The remaining previously described variable geometry elements of the first embodiment of the present invention serve to supplement flow modulation as well as to enhance operating efficiency. For example, variable pitch stators 36 and 38 of the first fan and 42 of the second fan will affect the quantity of air passing through each depending upon their respective settings. In addition, each affects the angle of attack of the air flow with respect to respective downstream stages and thus can be used to enhance aerodynamic efficiency within the engine. (The same is true with respect to stages 60, 62 and 64 of the core compressor).
The flexibility provided by the variable geometry and variable cycle characteristics of the present invention permit selection of core temperature, engine total flow and pressure ratio for optimum performance characteristics at any given flight condition.
While the present invention, thus described, is effective to improve subsonic and supersonic operating efficiency by permitting low bypass and high bypass operation, it also provides improvements in operating efficiencies based upon reduction of drag and friction losses. Previous experience has indicated that drag associated with a turbofan engine is increased when the size of the inlet is too large for the quantity of air passing through the engine in any given operating mode; in other words, "spillage" of air occurs as the inlet is advanced through the atmosphere due to the inability of the inlet to swallow all of the air it encounters. Prior art turbofan engines have no effective way of combating the effect.
The present invention reduces drag by permitting the inlet to be sized in a conventional fashion for operation at supersonic, low bypass conditions. With regard to low bypass operation, this may be accomplished by selecting a size for the fan stages such that the second stage 40, in its high throughput mode of operation, can accept all of the air passed through the first fan section rotor blades 34. In this case, the quantity of air bypassed through the outer fan duct 52 would be reduced to near zero and the bypass ratio held to an acceptable low value for supersonic operation while permitting the inlet to pass through the atmsophere without the occurrence of spillage.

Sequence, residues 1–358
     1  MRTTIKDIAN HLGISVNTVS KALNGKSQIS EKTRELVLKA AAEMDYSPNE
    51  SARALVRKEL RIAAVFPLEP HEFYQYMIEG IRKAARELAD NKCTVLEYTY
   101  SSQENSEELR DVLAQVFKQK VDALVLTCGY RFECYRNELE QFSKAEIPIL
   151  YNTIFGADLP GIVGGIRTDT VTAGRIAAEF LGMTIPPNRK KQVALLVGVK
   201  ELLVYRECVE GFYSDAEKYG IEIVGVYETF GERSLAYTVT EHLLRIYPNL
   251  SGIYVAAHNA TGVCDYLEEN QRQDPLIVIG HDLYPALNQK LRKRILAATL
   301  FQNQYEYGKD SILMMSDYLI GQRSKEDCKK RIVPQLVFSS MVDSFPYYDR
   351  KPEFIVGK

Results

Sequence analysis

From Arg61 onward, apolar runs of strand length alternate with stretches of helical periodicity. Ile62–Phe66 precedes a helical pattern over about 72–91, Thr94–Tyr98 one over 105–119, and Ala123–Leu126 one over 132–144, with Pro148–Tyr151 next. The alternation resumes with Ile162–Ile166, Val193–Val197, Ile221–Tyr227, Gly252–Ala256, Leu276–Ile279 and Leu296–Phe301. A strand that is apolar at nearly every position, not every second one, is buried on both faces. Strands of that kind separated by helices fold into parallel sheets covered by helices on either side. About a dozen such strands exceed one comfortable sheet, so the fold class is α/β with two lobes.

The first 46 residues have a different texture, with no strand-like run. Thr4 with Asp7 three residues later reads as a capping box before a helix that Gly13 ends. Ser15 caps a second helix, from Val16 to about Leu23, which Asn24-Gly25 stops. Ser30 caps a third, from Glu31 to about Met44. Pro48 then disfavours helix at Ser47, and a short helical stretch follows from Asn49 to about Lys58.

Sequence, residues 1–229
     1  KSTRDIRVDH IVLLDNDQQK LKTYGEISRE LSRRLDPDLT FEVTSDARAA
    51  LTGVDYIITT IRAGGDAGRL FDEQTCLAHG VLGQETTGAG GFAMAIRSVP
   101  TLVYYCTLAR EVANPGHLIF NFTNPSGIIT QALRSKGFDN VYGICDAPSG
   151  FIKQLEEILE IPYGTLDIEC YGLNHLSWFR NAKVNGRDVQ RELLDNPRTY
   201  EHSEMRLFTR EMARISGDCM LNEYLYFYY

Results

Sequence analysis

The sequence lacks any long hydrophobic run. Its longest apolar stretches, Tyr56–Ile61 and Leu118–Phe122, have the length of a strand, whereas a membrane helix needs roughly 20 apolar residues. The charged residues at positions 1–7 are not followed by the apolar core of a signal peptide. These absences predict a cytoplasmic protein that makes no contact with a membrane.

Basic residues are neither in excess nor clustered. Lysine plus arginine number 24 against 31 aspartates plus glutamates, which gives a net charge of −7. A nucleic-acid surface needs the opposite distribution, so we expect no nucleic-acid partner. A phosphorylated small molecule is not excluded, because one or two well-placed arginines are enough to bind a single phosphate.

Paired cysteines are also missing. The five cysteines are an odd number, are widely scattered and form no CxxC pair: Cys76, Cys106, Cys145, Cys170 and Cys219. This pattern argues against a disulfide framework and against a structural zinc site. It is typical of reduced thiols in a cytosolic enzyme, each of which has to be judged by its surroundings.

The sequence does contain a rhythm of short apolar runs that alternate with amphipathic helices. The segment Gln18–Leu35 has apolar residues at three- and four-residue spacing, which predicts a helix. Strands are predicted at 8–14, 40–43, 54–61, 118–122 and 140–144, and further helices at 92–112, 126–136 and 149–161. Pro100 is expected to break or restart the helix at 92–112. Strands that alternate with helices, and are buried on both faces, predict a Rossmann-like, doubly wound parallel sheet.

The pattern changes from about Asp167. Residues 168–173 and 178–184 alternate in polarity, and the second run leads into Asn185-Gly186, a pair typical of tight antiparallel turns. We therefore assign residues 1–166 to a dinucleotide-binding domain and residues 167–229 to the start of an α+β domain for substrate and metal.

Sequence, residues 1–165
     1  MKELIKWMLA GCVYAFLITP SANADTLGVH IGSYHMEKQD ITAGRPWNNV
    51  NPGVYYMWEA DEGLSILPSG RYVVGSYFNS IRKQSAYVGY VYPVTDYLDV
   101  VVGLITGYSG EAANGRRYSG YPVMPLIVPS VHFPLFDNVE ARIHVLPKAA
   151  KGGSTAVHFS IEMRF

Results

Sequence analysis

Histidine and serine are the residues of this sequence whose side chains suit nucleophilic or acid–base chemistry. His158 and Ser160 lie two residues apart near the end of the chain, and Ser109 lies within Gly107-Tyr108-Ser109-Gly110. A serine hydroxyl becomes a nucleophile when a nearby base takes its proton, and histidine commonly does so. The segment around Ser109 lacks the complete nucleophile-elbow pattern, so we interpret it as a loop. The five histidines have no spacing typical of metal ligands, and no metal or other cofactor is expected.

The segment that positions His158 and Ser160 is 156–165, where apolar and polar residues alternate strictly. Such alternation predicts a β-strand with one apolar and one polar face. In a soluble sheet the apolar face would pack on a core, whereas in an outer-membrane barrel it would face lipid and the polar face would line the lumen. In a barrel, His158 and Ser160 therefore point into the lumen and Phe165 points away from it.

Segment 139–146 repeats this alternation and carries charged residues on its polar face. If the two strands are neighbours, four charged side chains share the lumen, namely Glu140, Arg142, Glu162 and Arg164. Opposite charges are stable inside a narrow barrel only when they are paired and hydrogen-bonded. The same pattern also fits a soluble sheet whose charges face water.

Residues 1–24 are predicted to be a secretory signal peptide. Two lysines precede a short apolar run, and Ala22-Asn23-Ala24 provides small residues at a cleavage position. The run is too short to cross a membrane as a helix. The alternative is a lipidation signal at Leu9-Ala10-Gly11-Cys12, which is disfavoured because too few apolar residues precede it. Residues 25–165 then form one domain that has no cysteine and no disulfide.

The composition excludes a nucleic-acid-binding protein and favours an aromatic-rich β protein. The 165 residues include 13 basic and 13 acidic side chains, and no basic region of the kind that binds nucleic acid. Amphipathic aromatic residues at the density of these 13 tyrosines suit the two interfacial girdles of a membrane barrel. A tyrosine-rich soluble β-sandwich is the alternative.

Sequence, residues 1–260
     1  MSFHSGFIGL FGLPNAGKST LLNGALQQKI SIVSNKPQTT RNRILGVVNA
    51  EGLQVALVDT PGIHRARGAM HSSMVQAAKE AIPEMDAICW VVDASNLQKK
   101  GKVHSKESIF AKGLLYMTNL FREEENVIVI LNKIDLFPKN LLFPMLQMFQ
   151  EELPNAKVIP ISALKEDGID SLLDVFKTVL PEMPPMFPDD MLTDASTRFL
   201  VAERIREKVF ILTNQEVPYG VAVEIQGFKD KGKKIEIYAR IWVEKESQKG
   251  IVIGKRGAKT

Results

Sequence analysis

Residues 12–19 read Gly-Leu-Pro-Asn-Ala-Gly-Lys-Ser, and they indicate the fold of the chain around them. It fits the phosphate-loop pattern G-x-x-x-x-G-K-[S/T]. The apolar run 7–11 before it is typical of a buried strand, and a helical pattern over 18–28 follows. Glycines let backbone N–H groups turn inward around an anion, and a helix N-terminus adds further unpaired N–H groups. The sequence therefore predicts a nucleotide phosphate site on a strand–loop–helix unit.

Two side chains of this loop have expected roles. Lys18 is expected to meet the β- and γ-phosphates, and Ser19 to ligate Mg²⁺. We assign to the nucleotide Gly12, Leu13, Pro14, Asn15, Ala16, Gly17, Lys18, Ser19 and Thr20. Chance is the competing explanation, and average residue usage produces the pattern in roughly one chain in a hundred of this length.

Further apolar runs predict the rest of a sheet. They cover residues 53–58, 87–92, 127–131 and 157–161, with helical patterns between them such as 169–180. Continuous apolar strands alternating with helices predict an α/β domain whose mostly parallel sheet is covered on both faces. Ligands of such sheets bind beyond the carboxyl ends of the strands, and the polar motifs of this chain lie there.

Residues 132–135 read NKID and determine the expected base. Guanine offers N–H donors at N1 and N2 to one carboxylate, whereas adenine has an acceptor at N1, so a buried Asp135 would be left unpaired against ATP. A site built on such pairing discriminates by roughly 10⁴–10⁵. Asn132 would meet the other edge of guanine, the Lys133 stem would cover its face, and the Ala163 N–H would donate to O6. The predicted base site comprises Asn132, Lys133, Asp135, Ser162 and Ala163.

With regard to subsonic, part-power and high bypass operation, the flow through the engine can be "matched" to inlet requirements by diverting a large proportion of the incoming flow through the duct 52. Thus, the relatively low thrust and fuel useage can be maintained while directing air flow through the duct 52 which would otherwise be "spilled" at the inlet.
With regard to drag losses, the "spillage" losses associated with inlet dimensioning are ordinarily supplemented in negative effect by external nozzle drag losses. These losses generally arise from the "boattail" effect associated with the convergence of the aft end of the engine and air flows associated therewith. In prior art turbofan engines, this effect is particularly harmful to operating efficiency during cruise operations of the engine. Making use of the present invention, such partial power operation can be significantly improved in boattail drag loss. To accomplish this, the inlet flow can be matched to air speed velocity to eliminate spillage as before by proper selection of air flow quantity through the first fan stage. At the same time, reducing the flow through the second fan stage will yield high bypass through the outer fan duct 52. The outer bypass flow can be matched to external flow conditions to minimize drag losses associated with the boattail effect by increasing the volumetric flow through the throat of the exhaust nozzle proximate the external atmosphere--that is, nozzle 126. These various flow matchings cannot effectively be made utilizing prior art turbofan engine principles (including prior art variable cycle principles).
Thus, it can be seen that the present invention offers the opportunity to achieve an optimum trade between various operating parameters, including inlet drag (due to spillage), boattail drag (remedied by increasing volumetric flow through the nozzle throat) and core engine internal efficiency (improved by matching core speed and core temperatures at optimum values). Hence, the present invention offers an extremely flexible turbofan engine having radically improved functional characteristics when compared to prior art engines.
Referring now to FIGS. 3 and 4, a second embodiment of the present invention is depicted. The variation between this second embodiment and the foregoing embodiment is limited to the exhaust nozzle structure which will be fully described in conjunction with the nozzle structure of FIG. 1 hereinafter.